Appealing to the constantly increasing number of vegans in London, Jon Atashroo – Head Chef of the Tate Modern Restaurant on Level 9 of the Blavatnik building – has developed a collection of vegan dishes. Currently on the menu (at the time of writing), the chef’s popular cauliflower dish is grilled over hot coals and smoked, lending an intense savoury profile that’s balanced with a caper and raisin dressing and rich cashew butter. While the original utilises a Josper grill, this adapted recipe is simpler to follow at home, instead using a griddle pan or a barbecue – for the best results.
“Many chefs and restaurants are criticised for a lack of vegan options, with guests feeling menus are often limited and uninspiring. I came up with this dish to champion an ingredient that isn’t often in centre stage. I know vegan cooking can be elevated to be on a par with anything else on my menu, it just takes some imagination. Here I was looking to make something very savoury, almost meaty, that is achieved by first baking and then grilling and smoking the cauliflower. This is then paired with a rich unctuous cashew butter and offset by sweet/sharp caper and raisins to give it balance.”
Cauliflower, 1, large
Cashew nut butter, 170g jar
Fresh turmeric, 10g (or 5g dried)
Maple syrup, 10g
Golden raisins, 100g
Lilliput capers, 100g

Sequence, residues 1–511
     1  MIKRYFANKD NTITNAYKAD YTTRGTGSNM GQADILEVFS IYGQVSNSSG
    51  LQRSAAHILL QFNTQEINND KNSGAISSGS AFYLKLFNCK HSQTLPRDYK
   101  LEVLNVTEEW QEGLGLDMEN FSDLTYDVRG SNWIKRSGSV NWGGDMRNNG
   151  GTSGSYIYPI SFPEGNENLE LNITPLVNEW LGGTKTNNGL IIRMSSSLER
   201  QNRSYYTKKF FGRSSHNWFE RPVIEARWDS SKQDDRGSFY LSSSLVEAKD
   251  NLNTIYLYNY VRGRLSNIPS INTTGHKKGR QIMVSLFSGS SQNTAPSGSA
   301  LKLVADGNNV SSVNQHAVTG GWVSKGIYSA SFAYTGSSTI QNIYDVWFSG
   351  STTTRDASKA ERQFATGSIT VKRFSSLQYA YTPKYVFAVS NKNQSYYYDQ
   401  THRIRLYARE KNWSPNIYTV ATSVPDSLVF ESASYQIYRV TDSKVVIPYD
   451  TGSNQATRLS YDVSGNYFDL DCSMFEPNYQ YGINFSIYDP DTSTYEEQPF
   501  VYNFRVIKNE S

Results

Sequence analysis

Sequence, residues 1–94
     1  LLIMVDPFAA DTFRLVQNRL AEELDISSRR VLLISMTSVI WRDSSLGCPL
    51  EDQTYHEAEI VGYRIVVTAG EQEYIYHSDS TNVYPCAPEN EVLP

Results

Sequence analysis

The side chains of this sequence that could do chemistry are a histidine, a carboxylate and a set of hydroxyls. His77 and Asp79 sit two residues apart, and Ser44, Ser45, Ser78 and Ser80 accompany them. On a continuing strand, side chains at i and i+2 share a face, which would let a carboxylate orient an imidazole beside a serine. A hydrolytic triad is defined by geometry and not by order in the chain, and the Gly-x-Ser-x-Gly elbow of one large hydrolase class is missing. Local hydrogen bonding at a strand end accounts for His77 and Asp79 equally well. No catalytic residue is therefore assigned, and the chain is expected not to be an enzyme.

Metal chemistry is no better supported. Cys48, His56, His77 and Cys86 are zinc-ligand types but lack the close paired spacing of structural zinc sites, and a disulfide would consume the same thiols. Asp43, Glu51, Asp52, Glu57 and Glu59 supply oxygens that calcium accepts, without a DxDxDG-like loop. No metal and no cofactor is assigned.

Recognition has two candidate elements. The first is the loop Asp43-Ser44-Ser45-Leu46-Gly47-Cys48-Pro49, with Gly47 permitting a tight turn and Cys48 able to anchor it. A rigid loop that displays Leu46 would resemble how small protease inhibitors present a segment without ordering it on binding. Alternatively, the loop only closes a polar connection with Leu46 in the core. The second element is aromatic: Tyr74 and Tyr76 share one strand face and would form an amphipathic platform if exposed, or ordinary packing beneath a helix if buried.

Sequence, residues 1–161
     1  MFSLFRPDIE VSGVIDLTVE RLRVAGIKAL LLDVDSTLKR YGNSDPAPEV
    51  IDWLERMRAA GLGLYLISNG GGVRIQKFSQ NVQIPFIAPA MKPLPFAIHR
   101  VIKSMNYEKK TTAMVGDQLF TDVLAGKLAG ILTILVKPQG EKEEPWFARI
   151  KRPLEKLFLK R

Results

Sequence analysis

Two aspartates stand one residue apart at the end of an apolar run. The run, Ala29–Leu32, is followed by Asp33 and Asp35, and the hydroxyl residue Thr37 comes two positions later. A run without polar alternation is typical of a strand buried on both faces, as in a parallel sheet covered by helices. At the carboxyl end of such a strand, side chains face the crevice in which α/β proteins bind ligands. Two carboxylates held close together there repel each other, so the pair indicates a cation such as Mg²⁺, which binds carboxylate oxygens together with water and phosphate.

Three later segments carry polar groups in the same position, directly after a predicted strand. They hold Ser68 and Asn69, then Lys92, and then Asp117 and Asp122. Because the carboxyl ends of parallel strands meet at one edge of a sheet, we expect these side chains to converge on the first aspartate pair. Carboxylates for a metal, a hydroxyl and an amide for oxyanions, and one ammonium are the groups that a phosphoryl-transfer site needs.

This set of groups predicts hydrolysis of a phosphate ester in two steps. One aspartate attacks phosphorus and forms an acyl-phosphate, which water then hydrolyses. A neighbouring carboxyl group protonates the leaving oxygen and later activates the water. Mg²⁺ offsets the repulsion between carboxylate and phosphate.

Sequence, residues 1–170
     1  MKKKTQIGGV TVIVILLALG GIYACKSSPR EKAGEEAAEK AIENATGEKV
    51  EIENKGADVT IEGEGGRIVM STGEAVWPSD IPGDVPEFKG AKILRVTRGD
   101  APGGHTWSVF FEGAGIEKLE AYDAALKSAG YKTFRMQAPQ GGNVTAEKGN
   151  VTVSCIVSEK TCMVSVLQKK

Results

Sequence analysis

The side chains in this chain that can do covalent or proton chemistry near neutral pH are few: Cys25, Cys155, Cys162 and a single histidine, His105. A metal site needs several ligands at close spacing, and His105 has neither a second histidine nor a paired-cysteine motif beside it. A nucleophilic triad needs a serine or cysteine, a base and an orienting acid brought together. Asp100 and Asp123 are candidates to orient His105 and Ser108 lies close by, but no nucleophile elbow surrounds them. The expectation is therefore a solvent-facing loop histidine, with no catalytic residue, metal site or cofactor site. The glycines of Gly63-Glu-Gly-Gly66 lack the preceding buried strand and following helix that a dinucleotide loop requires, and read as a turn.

Baby spinach, 100g (optional)
Preheat the oven to 140C. Trim all the green leaves from the cauliflower, allowing 1 small or ½ large cauliflower per person. Drizzle with olive oil, a generous dusting of fine salt and bake in the oven. Start with 20 minutes, checking the root with a knife to see when it’s tender. The florets should yield and just hold together. Bake for another 5-10 minutes if needed.
Whilst the cauliflower is cooking, make the cashew butter. We make our own in the restaurant but it requires a very good blender and a lot of patience. Use a quality brand like Meridian cashew butter, add 10g maple syrup and 10g fresh, finely grated turmeric. Smash the turmeric in a pestle and mortar if available, or grate finely on a micro plane. You can use dried if fresh is not available but the fresh gives such an ethereal perfumed finish to the dish it is well worth seeking out. Mix very well.
(N.B The recipe makes more than you need but it keeps well in the fridge & is delicious with pretty much anything.)
Caper and raisin dressing gives a sweet, sour and salty finish that lifts the cauliflower and balances the richness of the butter. Take 100g golden raisins, cover with water in a pan and bring to the boil. When boiled, immediately turn off and drain the raisins, leave in the sieve to drain dry. Mix with 100g capers (adding a good dash of their vinegary brine). Finally add a finely chopped shallot and a drizzle of olive oil. Mix together.
Preheat a griddle pan or – better – use a bbq. Break the cauliflower into natural chunky florets and char the cauliflower to get some colour and a bit of smoke until it’s hot inside.
Meanwhile, in another pan, warm up some of the caper and raisin mix with a tablespoon of water. When hot, throw in the cauliflower florets and gently turn to coat in the mix. Drizzle with a little olive oil.
To serve, dot some of the cashew butter on each serving plate. Place the cauliflower florets on next and then top with some of the caper and raisin that is left behind in the pan.
We serve with some wilted spinach as a garnish but this is totally up to you. Fresh coriander leaves would also work well.
Further information on Tate Modern Restaurant can be found here.
Header Photo: Jade Nina Sarkhel